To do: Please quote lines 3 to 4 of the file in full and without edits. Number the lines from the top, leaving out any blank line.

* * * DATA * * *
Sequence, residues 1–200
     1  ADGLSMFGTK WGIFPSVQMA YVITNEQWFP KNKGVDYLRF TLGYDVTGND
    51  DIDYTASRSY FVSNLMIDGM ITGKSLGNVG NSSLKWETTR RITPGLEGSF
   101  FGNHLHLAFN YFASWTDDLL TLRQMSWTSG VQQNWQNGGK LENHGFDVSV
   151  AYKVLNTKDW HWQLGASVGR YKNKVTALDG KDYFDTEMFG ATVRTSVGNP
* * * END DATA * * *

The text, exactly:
    51  DIDYTASRSY FVSNLMIDGM ITGKSLGNVG NSSLKWETTR RITPGLEGSF
   101  FGNHLHLAFN YFASWTDDLL TLRQMSWTSG VQQNWQNGGK LENHGFDVSV